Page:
Let $D$ be a subset of the real numbers $\mathbb R$ and let $f:D\to\mathbb R$ be a function which is differentiable on $D.$ If its derivative $f':D\to\mathbb R$ is itself differentiable at a point $x\in D,$ then its derivative $$\frac{d^2f(x)}{dx}:=f'\;'(x):=(f')'(x)$$ is called the second-order derivative of $f$ at $x.$
In general, if $f:D\;\cap\;]x-\epsilon,x + \epsilon[\to\mathbb R$ is $(k-1)$ times differentiable in $D\;\cap\;]x-\epsilon,x + \epsilon[$, and if its $(k-1)$-th derivative is differentiable at $x$, then we call $f^{(k)}$ its $k$-th derivative (or the derivative of order $k$ at $x.$)^{1}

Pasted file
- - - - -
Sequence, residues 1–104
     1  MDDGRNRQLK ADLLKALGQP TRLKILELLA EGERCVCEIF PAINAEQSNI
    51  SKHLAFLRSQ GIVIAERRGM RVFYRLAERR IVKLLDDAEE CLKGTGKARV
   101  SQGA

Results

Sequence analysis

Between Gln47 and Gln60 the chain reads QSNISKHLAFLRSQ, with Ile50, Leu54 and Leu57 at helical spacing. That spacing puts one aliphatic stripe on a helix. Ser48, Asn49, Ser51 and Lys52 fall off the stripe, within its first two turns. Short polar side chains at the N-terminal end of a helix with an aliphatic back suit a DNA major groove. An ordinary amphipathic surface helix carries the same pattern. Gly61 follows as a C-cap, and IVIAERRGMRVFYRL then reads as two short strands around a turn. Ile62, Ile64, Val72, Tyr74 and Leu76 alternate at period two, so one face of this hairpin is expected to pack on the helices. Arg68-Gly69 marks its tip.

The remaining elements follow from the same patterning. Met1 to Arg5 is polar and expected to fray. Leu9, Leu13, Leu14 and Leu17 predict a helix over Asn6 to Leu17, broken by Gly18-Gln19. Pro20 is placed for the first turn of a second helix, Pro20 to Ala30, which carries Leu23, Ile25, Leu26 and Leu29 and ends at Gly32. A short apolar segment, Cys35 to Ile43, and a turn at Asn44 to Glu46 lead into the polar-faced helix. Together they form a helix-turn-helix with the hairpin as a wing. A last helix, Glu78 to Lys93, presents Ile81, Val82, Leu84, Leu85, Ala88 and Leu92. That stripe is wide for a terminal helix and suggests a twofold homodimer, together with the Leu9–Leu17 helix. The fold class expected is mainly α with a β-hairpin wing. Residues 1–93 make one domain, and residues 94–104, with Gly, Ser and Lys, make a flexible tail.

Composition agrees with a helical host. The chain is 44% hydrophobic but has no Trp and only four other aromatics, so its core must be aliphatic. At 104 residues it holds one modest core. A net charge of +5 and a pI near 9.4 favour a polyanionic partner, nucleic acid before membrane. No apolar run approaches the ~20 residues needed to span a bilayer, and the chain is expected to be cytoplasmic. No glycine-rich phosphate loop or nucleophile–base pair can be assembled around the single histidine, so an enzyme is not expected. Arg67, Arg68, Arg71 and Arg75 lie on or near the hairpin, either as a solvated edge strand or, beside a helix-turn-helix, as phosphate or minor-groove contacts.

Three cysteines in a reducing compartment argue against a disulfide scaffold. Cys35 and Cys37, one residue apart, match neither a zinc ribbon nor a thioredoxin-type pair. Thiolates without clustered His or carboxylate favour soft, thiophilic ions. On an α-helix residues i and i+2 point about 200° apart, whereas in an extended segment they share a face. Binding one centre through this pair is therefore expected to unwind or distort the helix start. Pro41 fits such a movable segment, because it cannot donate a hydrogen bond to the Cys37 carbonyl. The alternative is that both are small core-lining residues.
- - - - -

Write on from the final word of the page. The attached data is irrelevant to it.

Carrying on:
There are several equivalent notations of this derivative:
$$f^{(k)}(x):=\frac{d^kf(x)}{dx^k}:=\left(\frac d{dx}\right)^kf(x):=\frac d{dx}\left(\frac{d^{k-1}f(x)}{dx^{k-1}}\right).$$
Definitions: 1
Proofs: 2
Propositions: 3
The derivative of order $0$ of $f$ is the function $f$ itself. ↩